By / September 5, 2019

Growing cannabis: what to know about treating your water

Waste from a reverse osmosis (RO) water purification system has always been a concern. Older RO’s would waste gallons of water to make one good gallon. The smaller system that would fit under sinks is also very wasteful. However, the new RO systems are much more efficient, as well as large enough to supply the needs for growing cannabis. Lately, this is viewed as a better option.

Smaller “Under the Sink” and older RO systems can waste up to four gallons just to make one good gallon. With the large “commercial” scaled systems, that ratio is flipped, with one gallon of waste for every four gallons of product water. That is a 75% recovery rate. Consequently, hemp growers that are using a municipal water line will see the savings immediately after installing.

Hemp growers can assess water quality according to three criteria:

  • pH Acidity;
  • Rigidity;
  • Organoleptic properties.

pH Acidity

The acidity of water determines its ratio of hydrogen to hydroxyl ions. If positive hydrogen ions prevail in the ratio, it will be an acidic solution. People measure their value from 1 to 6.9. If the solution contains more negative hydroxyl ions, then it will be alkali. People measure their value from 7.1 to 14. In pure water, the balance between positive and negative ions has a neutral pH (pH=7).

The pH level affects the plant’s ability to absorb nutrients and minerals. Above all, they are essential for healthy growth and development. All plant species have their own optimal pH value at which it properly absorbs the substances they need.

The optimum pH of water for watering cannabis is 5.5-6.5.

By stripping the water down to its basic H2O, and removing all the competing contaminates, you can adjust the water to fit the strain of cannabis that you are growing. (Source)


Water hardness is a measure of the quantity of calcium and magnesium ions in water. The water hardness values measure in milligrams per liter (mg/L). Elevated levels of calcium ions in irrigation water disrupt the absorption of important nutrients by the plant. A clear sign of the use of hard water is the formation of a white crust on the soil surface.

The hardest water comes from wells, which contains a lot of impurities. Its hardness index is usually eight to ten mg/L. Relatively low hardness rating is three to six mg/L. The softest water should be rainwater or meltwater, but not in industrial areas. Its hardness is close to zero.

When irrigating cannabis, one must use water with a hardness value of less than 3 mg/L.

Organoleptic properties

Transparency is the most obvious indicator of water purity. It depends on the amount of mechanical or chemical particles in the liquid. The fewer impurities in water, the more transparent it is. Generally the more transparent the water, the cleaner.

Of course, water by nature has no color. If it has any shade, it indicates the content of impurities in it. As a rule, yellow indicates the content of iron salts and decaying products in the water. Also green indicates the presence of microalgae.

Don’t forget about the smell. One of the peculiarities of clean water is the absence of smell. The presence of any smell indicates that the water contains biodegradable products or chemicals. When you use tap water to irrigate cannabis, you can clearly smell chlorine. It makes it unacceptable for irrigation. When you smell hydrogen sulfide, you can say that the water contains pathogens.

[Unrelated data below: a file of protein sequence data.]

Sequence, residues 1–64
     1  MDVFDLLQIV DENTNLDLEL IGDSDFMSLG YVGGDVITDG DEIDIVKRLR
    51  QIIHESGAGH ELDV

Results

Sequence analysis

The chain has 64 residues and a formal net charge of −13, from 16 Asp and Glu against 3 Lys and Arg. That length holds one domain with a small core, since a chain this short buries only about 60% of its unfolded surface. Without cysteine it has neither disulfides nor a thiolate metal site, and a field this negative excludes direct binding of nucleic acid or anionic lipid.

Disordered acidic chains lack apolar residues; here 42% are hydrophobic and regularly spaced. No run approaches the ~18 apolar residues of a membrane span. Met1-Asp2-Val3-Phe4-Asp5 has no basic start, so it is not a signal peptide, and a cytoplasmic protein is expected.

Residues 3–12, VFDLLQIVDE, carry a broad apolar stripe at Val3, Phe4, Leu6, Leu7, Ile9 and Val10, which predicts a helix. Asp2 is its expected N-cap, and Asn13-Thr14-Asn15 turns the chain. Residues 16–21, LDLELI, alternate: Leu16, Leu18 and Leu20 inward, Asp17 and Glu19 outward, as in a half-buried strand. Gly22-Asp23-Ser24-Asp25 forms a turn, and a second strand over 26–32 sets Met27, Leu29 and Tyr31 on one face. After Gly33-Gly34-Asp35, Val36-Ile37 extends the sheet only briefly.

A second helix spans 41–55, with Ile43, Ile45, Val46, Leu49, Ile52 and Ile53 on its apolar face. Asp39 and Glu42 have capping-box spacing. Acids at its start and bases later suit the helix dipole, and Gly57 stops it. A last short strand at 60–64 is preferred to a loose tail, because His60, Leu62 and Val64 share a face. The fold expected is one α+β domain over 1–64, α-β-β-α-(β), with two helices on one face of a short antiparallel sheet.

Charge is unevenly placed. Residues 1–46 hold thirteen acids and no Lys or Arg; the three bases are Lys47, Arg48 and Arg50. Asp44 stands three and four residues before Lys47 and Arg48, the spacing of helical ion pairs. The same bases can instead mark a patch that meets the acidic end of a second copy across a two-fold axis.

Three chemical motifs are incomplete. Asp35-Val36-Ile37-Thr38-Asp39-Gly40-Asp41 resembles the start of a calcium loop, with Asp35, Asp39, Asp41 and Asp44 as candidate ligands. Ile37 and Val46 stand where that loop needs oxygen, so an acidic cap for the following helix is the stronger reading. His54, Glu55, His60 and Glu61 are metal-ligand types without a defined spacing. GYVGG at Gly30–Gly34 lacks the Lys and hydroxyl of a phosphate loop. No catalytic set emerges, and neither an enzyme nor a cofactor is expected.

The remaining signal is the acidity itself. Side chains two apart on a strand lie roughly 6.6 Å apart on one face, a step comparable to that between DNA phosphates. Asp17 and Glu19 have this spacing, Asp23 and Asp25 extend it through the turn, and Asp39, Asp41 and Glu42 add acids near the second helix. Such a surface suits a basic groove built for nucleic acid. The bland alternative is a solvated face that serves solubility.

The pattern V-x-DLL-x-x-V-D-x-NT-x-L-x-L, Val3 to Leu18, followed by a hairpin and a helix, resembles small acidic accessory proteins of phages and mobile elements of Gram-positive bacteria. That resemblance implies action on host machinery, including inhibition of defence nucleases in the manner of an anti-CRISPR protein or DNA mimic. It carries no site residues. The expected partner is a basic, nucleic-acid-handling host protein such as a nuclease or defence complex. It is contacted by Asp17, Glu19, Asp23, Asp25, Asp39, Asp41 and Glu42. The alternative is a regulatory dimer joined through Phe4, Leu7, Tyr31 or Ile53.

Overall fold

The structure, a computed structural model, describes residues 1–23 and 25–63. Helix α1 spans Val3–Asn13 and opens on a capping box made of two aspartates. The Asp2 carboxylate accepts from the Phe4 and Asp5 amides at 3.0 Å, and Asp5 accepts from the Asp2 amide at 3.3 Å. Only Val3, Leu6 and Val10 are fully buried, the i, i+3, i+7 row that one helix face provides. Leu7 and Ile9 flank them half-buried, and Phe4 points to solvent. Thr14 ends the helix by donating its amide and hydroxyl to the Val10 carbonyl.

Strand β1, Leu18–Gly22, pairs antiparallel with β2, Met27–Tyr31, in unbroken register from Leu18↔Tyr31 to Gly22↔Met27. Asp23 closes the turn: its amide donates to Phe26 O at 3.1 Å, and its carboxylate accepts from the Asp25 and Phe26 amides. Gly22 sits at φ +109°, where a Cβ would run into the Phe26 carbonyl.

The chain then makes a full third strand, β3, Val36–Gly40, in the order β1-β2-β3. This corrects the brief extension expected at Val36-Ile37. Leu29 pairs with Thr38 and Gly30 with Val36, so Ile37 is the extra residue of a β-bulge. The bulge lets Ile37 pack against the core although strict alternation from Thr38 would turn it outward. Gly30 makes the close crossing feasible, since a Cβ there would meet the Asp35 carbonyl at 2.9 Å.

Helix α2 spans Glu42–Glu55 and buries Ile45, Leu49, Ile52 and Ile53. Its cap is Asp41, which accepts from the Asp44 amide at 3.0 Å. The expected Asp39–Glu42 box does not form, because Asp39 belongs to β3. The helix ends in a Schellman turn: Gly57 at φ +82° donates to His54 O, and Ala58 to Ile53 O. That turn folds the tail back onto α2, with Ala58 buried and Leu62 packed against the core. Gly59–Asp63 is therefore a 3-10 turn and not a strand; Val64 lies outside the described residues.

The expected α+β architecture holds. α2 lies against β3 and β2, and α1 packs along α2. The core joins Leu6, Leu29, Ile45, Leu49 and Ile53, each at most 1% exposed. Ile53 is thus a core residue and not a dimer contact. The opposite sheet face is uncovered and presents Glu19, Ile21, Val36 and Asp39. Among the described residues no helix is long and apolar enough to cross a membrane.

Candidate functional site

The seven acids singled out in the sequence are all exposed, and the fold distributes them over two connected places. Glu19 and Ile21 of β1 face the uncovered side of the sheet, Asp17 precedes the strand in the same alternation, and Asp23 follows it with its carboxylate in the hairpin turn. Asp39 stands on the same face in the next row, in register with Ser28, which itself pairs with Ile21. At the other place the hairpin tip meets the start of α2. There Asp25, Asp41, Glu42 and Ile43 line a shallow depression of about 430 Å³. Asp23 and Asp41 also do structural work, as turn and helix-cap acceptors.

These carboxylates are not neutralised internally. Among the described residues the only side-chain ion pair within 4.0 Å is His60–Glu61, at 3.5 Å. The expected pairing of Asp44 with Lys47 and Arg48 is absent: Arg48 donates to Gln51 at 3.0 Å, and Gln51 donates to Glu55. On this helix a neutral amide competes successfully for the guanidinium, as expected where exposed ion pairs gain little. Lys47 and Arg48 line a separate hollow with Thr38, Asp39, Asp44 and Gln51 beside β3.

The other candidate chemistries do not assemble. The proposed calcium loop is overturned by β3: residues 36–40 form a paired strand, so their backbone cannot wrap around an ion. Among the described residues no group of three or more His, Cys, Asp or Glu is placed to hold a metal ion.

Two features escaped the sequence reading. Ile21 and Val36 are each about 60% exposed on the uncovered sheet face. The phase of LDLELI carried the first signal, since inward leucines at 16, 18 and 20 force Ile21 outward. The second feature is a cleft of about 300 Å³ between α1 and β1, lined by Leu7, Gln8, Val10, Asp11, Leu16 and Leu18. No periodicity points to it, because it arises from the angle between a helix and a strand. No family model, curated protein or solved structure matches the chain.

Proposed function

Another important property is the taste. The presence of foreign flavors can help to judge the presence of impurities in the water.

Finally, the temperature. Many plants, including hemp, need room temperature water. Low or elevated water temperatures can damage the roots of the plant. This will have a negative impact on its life. You should never water cannabis with boiling water. Boiled water releases oxygen from the roots, which the cannabis needs for its root system to function normally.

Hemp plants
You can easily clean cannabis water with “ion exchange” or “osmotic filters”. (Source)

Water treatment methods for watering cannabis

First, Letting the impurities settle is the easiest, fastest and cheapest option. It is enough to collect water in a suitable container and allow it to sit about one to two days. It is necessary for a water supply system, as it allows the heavy impurities to settle at the bottom of the container.

Secondly, you can easily clean cannabis water with “ion exchange” or “osmotic filters”. However, water filtration is very time-consuming, especially with high volumes and low-quality filter water. It can also get expensive, as you must always replace filters. However, filtering allows you to almost completely clean the water from impurities and soften it.

Last, the freezing method. Clean water starts to turn into ice at a temperature of 0 degrees. Water with impurities freezes at different temperatures.

Also, don’t forget these methods

Adding peat to the water acidifies it, absorbs heavy metals and saturates humic acids. The color of the water becomes yellowish. In 10 liters of water, it is necessary to immerse about 100 g of peat.

If the water hardness is too high or the soil is too alkaline you can add citric or oxalic acid. This increases the acidity and stabilizes the pH value. You should add two grams of oxalic acid to 10 liters of water.

(Featured Image by TinaKru)

First published in Shishkin-Semena, a third-party contributor translated and adapted the article from the original. In case of discrepancy, the original will prevail.

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